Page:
AFSPA Not To Protect Criminal Acts: Omar

AFSPA Not To Protect Criminal Acts: Omar

7 February 2012
Greater Kashmir
Sumit Hakhoo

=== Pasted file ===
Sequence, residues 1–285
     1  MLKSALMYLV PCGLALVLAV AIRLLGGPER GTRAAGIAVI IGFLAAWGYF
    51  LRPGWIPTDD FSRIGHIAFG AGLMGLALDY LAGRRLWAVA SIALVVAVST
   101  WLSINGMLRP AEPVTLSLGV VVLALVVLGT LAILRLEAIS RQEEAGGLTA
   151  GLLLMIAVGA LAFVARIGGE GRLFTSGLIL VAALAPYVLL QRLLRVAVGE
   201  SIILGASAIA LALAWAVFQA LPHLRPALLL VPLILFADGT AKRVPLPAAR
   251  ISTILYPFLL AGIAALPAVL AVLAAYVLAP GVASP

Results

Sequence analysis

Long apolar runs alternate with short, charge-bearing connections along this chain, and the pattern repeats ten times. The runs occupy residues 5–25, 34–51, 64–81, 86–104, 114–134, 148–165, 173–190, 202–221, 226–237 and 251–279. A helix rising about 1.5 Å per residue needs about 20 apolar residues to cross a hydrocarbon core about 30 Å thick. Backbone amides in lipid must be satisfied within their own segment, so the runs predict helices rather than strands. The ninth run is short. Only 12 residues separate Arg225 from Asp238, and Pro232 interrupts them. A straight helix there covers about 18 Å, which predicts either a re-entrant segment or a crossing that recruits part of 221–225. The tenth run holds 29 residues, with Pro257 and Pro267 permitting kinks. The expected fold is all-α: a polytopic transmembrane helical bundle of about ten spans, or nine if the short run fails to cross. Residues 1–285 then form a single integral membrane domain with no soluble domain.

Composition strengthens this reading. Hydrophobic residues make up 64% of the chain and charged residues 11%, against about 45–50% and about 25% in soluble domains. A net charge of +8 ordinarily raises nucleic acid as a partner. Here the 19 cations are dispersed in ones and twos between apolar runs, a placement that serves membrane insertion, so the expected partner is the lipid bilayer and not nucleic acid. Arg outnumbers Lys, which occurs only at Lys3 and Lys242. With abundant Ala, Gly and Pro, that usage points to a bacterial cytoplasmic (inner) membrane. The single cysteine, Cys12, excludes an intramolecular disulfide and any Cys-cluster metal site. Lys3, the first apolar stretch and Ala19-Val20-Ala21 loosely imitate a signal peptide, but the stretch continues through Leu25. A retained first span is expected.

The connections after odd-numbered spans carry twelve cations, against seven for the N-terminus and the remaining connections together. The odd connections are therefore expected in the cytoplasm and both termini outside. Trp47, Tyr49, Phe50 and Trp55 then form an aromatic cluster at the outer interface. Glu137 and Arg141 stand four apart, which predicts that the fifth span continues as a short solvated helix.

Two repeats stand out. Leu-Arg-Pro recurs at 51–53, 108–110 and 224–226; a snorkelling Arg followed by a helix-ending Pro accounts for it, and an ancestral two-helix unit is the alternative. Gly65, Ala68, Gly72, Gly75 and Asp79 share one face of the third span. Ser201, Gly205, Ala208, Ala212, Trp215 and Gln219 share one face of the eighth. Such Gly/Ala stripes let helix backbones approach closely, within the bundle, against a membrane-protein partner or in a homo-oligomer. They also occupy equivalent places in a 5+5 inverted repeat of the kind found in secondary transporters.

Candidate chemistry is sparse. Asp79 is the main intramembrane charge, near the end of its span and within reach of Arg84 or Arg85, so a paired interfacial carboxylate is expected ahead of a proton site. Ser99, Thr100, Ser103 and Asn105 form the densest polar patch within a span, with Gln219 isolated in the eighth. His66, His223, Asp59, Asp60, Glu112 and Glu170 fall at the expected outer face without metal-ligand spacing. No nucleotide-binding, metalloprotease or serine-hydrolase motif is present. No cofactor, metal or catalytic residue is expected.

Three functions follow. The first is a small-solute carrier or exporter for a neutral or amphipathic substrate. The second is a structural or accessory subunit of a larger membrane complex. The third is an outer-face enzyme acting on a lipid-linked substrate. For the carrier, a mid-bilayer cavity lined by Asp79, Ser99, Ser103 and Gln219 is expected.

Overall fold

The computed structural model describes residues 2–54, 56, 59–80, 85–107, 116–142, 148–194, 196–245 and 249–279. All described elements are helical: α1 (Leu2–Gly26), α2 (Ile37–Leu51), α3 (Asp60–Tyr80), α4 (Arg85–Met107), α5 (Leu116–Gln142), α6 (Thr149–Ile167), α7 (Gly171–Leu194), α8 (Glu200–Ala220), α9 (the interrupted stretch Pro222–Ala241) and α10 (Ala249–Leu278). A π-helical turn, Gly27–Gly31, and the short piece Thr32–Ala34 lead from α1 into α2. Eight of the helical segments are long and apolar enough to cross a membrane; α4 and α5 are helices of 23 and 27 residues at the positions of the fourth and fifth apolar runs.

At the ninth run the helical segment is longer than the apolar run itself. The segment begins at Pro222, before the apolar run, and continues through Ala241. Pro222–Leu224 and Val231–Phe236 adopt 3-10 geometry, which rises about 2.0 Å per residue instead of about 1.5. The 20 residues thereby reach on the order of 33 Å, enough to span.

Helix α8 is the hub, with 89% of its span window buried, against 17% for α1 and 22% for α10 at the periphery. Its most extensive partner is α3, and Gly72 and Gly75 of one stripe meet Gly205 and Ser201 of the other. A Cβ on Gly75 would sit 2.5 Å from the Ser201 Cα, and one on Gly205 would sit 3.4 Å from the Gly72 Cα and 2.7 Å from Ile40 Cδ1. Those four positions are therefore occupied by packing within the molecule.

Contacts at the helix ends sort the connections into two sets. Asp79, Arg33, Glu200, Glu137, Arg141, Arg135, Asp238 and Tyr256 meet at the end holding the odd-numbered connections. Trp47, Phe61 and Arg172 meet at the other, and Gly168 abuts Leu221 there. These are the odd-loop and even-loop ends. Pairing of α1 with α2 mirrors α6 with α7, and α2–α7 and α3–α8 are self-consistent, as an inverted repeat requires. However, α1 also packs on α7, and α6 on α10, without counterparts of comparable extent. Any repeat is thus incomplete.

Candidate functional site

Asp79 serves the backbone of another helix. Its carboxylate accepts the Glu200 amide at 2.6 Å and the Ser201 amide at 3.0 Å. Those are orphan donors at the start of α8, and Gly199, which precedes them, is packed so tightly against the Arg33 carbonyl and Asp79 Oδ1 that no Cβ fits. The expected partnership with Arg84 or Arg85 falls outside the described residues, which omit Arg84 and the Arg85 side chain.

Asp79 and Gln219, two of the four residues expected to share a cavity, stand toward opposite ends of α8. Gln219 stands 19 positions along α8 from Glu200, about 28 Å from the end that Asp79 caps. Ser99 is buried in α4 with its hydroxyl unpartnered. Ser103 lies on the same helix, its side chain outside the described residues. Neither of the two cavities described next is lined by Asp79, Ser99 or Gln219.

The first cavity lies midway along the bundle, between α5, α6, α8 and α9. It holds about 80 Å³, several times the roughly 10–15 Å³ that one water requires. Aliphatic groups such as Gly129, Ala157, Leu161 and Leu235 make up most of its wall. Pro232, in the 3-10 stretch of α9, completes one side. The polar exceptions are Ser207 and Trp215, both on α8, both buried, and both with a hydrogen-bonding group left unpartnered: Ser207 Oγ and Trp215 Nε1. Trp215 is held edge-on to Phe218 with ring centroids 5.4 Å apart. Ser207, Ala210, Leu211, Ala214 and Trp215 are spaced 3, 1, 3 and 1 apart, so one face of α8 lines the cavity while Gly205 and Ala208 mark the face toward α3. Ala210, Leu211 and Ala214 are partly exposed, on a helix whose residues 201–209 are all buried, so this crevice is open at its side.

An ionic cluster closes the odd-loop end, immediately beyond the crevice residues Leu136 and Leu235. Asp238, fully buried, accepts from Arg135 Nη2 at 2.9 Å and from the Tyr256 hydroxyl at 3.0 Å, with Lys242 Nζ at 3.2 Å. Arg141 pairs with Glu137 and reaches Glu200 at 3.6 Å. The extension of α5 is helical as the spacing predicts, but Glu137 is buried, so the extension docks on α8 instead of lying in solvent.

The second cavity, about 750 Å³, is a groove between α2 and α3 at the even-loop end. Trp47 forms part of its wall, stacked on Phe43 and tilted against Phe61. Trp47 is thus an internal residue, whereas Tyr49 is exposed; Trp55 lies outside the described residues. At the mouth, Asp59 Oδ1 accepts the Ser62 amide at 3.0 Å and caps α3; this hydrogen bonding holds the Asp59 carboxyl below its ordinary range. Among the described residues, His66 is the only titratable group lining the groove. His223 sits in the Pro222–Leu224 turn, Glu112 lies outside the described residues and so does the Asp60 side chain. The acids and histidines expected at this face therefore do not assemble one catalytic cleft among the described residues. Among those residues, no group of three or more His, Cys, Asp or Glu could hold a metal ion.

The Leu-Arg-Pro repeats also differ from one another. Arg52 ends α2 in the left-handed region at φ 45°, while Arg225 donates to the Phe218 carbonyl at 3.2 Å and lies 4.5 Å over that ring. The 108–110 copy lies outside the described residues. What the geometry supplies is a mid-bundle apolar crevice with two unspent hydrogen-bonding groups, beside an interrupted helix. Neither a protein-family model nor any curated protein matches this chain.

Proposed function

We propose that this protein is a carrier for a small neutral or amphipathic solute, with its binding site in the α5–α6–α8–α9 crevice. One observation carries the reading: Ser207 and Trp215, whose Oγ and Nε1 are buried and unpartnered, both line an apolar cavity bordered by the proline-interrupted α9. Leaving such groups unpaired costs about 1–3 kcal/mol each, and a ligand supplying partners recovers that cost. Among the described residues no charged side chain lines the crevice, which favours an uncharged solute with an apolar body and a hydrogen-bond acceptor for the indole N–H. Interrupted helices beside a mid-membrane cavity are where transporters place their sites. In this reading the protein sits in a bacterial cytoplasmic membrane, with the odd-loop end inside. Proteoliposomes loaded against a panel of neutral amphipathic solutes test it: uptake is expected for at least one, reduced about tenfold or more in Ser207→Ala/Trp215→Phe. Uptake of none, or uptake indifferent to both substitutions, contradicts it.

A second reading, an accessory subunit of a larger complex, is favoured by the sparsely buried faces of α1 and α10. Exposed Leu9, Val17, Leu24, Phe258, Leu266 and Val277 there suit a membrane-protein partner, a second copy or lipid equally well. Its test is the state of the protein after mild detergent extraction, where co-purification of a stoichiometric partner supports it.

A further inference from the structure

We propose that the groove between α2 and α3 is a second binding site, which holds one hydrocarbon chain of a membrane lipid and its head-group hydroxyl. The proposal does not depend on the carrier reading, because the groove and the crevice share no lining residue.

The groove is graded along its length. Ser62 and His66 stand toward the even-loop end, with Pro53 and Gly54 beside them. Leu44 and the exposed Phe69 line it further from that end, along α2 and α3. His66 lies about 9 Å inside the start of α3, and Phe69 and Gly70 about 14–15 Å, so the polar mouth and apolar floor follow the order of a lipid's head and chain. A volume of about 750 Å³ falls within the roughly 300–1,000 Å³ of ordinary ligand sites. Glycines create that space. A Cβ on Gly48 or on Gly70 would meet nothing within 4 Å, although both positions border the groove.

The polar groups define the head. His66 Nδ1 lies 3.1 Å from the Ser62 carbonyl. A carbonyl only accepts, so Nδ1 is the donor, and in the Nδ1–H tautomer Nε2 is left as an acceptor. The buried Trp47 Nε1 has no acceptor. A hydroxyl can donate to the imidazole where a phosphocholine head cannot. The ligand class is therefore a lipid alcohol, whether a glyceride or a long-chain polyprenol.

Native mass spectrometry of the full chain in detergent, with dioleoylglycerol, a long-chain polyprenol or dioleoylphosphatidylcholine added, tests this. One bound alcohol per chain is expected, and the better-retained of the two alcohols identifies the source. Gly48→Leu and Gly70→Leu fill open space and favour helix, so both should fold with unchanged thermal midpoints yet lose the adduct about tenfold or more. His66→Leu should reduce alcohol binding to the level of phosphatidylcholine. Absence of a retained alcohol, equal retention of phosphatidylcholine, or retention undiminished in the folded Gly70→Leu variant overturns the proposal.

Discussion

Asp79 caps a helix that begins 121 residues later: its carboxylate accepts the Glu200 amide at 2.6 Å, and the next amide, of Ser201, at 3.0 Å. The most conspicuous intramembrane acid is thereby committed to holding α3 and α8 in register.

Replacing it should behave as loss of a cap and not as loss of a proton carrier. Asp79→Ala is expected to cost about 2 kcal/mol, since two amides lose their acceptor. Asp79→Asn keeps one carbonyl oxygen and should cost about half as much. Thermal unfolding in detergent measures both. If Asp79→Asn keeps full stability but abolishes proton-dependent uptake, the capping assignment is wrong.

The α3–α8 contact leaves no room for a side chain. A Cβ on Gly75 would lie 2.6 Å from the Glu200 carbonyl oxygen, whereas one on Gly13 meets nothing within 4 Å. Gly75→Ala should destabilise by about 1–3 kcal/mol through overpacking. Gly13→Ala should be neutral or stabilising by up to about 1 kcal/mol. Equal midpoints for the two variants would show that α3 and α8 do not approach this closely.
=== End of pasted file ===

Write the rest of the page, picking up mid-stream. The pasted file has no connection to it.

Jammu: Citing the Supreme Court's recent observation, Chief Minister Omar Abdullah, who has been pitching for partial revocation of Armed Forces Special Powers Act (AFSPA) in the State, Tuesday said the statute was not aimed at protecting acts of crime. “AFSPA is for legitimate protection and not for protection of the acts of crime. And that is something we have always maintained,” Omar told reporters here. The Chief Minister, who was reviewing restoration work at the erstwhile Dogra power centre - Mubarak Mandi heritage complex in Jammu, said, “AFSPA protection is given to the personnel so that they not become victims of the law while rendering their (anti-militancy operational) duties.” Omar said, “I do not think the armed forces have to commit rape, murder or any other such activities in order to perform their duties. Therefore the observation of the Supreme Court is correct.” Questioning the extent to which the army can claim blanket immunity under AFSPA, the Supreme Court had said rape and murder committed by its personnel should be considered a “normal crime”, and that there is 'no question of sanction' from the government before prosecution of offenders in such cases. Under AFSPA, prior approval is required before prosecution or any other legal action can be initiated against armed forces personnel operating in areas declared 'disturbed' by the government. 'You go to a place in exercise of AFSPA, you commit rape, you commit murder, then where is the question of sanction? It is a normal crime which needs to be prosecuted, and that is our stand,' an apex court Bench of justices B S Chauhan and Swatanter Kumar had remarked. The court said AFSPA gave 'very limited protection' confined to action in 'discharge of duty'. The court was hearing the CBI challenge against the army's invocation of AFSPA against prosecution of eight officers chargesheeted in the Pathribal fake encounter in March 2000. While the five men were identified as “Lashkar-e-Toiba mercenaries” by the army, they had turned out to be locals from nearby villages of Brariangan, Halan and Anantnag (Islamabad). MHA REJECTS PROSECUTION SANCTION IN 42 CASES Meanwhile, a Delhi-based newspaper Tuesday reported that in the past four years, Union Home Ministry has rejected at least 42 requests to sanction prosecution of military personnel found by the police to have engaged in crimes such as murder, homicide and rape in Kashmir. According to the report, 31 cases in which sanction was denied relate to rape, culpable homicide or murder. The others involve a wide variety of crimes, ranging from criminal trespass to illegal confinement. In not a single case had sanction been granted, the report said. The report quoting instances said the cases in which sanction was denied involve victims unconnected with militancy. In 1991, for example, the police established that an unidentified body floating in the Dal Lake was that of Muhammad Ayub Bhat, a Batwara resident with no record of involvement in terror. Brigadier Gulshan Rao, then in charge of Srinagar's Field Ordnance Depot, was charged with his murder. The Ministry rejected the request for sanction on March 3, 2009, it said. Likewise, the report said, local resident Muhammad Ashraf and a Major-rank officer were found responsible for an attempted rape of a Beerwah woman in 1997. The case - initially closed and then reopened in 2001 after fresh evidence of the officer's identity emerged - was rejected by the Ministry on September 12, 2011. In 1997, investigators charged troops of the 3 Kumaon Regiment with beating up Ganderbal resident Abdul Khaliq Wani, resulting in his death. Adjutant Yoginder Mohan was held responsible by the police - but the request for sanction of his prosecution was denied on June 3, 2011, the report said. According to the report, the Army insists that it has court-martialled dozens of personnel for human rights violations, but will not release trial records or names, making it impossible to verify whether any of the alleged perpetrators were tried.